We’ll be hearing and seeing more about CSV partnerships in the coming years. They provide a competitive advantage and anything that impacts the bottom line can’t be ignored. It will be exciting to see which organizations embrace these changes moving forward and how they continue to affect communities.

Building Communities Together: Nonprofit & Corporate Partnerships

Get Connected: Building Communities Together - A Panel Discussion on Nonprofit and Corporate Partnerships | GroundFloor Media & CenterTable

Creating a community of care. Colorado leaders converge at @GroundFloorPR to learn about partnerships #GFMpartnerships

Building community partnerships between nonprofit organizations and businesses, with the goal of tackling seemingly intractable social problems, is a long-term strategy. Not only is the private sector interested in addressing difficult social issues, but it may also have other business goals around providing meaningful employee engagement opportunities, showing shareholders a strong ROI, and coming together as a united team to make a difference in a community.

GroundFloor Media and CenterTable assembled a group of local community and business leaders for a panel discussion at our Get Connected event earlier this month. The focus was a discussion on how they are forging new alliances and breaking new ground to build a better community.

The Get Connected panelists included:

  • Andrea Fulton, Deputy Director and CMO, Denver Art Museum
  • Diana Ralston, Executive Director of The Can’d Aid Foundation and the Director of Sponsorships for Oskar Blues Brewery
  • Jim Johnston, Senior Marketing Manager, Bellco Credit Union
  • Ned Breslin, CEO, Tennyson Center for Children
  • Patsy Landaveri, Senior Community Affairs Advisor, Noble Energy

Read more after the jump…

What is the Non-Cash Value of Experiencing Your Organization?

What is the Non-Cash Value of Experiencing Your Organization? | GroundFloor Media PR Agency | DenverNonprofits, how are you engaging your corporate partners in experiencing the non-cash value of your organization? When was the last time you invited your corporate partner on a site tour or a behind-the-scenes experience with your services, or asked them to participate in a volunteer opportunity?

A few years ago, I was invited to Children’s Hospital Colorado for a half-day session at the hospital. I was with a small group of other agency partners, community influencers and donors, and we spent the day meeting with doctors, sitting in clinics and touring different departments throughout the hospital. My eyes were opened to the expertise, resource needs and opportunities as well as the challenges in health care.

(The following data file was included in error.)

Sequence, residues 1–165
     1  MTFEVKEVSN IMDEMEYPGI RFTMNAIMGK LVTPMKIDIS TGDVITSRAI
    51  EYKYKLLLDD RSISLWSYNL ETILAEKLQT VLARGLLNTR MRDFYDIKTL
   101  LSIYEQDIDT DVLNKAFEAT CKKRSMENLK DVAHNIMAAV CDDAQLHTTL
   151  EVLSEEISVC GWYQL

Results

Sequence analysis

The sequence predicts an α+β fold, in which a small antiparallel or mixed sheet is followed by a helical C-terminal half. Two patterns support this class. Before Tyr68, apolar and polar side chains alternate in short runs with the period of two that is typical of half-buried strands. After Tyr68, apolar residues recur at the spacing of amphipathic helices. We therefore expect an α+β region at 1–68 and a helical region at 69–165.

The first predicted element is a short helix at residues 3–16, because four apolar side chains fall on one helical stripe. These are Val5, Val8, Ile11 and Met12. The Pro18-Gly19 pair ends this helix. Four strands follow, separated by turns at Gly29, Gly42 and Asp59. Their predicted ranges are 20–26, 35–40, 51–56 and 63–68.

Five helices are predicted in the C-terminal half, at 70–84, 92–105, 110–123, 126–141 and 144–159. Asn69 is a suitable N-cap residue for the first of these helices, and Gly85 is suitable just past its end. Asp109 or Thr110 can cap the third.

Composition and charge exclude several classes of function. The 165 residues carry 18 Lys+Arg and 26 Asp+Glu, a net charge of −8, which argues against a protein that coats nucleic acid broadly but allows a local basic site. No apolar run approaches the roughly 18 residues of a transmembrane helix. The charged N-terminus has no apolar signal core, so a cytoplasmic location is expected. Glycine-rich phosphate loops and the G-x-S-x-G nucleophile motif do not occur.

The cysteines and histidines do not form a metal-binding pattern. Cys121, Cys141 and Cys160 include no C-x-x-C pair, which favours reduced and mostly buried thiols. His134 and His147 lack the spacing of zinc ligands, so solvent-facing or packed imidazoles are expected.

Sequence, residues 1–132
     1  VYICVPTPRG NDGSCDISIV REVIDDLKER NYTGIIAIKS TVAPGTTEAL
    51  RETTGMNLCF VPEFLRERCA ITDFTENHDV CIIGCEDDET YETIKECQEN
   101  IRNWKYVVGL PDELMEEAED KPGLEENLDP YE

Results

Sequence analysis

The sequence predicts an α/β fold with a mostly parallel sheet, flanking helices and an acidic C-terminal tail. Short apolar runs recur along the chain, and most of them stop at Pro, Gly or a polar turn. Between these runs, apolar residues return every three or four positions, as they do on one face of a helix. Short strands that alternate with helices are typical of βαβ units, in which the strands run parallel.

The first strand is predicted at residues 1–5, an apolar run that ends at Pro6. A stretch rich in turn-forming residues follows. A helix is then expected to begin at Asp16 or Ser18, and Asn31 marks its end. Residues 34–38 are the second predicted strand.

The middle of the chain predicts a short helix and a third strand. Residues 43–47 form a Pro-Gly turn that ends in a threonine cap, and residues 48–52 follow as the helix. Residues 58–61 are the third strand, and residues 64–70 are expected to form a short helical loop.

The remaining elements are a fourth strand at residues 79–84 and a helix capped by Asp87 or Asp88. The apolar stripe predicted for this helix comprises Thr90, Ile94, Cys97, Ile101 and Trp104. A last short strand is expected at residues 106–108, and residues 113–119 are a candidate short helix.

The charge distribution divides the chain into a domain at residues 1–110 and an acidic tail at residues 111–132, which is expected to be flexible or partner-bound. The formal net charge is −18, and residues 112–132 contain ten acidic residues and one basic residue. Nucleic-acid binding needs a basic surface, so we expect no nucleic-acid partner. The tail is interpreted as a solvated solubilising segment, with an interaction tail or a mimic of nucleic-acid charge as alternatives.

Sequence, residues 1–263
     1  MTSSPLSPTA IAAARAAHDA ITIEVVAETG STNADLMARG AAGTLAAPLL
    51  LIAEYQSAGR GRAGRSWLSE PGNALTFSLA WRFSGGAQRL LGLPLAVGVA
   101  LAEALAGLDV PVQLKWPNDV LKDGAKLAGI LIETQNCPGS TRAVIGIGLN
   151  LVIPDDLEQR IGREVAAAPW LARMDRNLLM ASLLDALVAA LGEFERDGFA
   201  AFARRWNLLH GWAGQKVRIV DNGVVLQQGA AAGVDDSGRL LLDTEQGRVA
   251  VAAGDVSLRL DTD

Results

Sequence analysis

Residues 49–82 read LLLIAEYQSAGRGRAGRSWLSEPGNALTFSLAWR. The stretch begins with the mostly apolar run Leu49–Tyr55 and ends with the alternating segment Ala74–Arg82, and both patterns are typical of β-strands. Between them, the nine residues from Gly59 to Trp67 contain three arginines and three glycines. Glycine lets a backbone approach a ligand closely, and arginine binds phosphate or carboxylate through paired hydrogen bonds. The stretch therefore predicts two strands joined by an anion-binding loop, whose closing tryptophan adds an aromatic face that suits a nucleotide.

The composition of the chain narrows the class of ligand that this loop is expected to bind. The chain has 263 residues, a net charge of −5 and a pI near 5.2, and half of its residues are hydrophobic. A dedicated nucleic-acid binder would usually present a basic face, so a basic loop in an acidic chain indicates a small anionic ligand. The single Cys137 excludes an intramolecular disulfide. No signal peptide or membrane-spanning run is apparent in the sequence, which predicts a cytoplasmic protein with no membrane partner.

I also participated this spring in a Denver Public Schools Day of Service with Noble Energy and the Denver Broncos where we helped move classroom furniture at Cheltenham Elementary School, participated in field day activities and met with the principal and teachers. As a parent, education is a top priority for me, and being able to step into the hallways for the day and feel the impact of budget cuts was eye-opening. Read more after the jump…

Meeting With a Corporate Partner For a Sponsorship? Be Prepared.

6 Tips To Prepare For a Sponsorship Meeting With a Corporate Partner | GroundFloor Media PR Agency in DenverIf you are meeting with a corporate partner to discuss a sponsorship proposal or charitable donation request, be prepared. Just as you would prepare for a new business meeting or job interview, you have one shot to make the best possible impression, so do your homework and come to the meeting prepared. The key to success? It should be all about them.

Whether you have worked with a corporate partner for multiple years or you are meeting for the first time, here’s what to research, prepare and bring to the meeting:

Read more after the jump…

How Nonprofits Can Demonstrate ROI to Partners

Student Advocacy Annual Report Example of How Nonprofits Can Demonstrate ROI to Partners Demonstrating ROI for a grant or a sponsorship is critical for nonprofits to maintain and build long-term partnerships with businesses. There are some foundations that require their own lengthy reporting, but if they don’t, read on.

Whether we’re talking about a $1,000 or $100,000 sponsorship program, nonprofits should track everything and provide a follow-up report specifically tailored to the grant/sponsorship’s support. This report doesn’t have to be a massive document; it actually should be a simple 1-5 page report, or better yet, a PowerPoint. These can be thought of as mini annual reports.

Here’s what to include: Read more after the jump…